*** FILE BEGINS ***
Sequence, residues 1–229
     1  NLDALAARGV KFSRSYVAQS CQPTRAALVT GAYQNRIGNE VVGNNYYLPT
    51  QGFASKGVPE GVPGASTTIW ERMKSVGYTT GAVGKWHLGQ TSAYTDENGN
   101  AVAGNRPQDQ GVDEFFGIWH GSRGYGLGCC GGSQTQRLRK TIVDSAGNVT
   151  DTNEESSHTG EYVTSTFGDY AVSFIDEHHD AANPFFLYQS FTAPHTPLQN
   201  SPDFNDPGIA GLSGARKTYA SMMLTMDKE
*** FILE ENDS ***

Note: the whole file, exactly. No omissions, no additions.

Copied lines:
Sequence, residues 1–229
     1  NLDALAARGV KFSRSYVAQS CQPTRAALVT GAYQNRIGNE VVGNNYYLPT
    51  QGFASKGVPE GVPGASTTIW ERMKSVGYTT GAVGKWHLGQ TSAYTDENGN
   101  AVAGNRPQDQ GVDEFFGIWH GSRGYGLGCC GGSQTQRLRK TIVDSAGNVT
   151  DTNEESSHTG EYVTSTFGDY AVSFIDEHHD AANPFFLYQS FTAPHTPLQN
   201  SPDFNDPGIA GLSGARKTYA SMMLTMDKE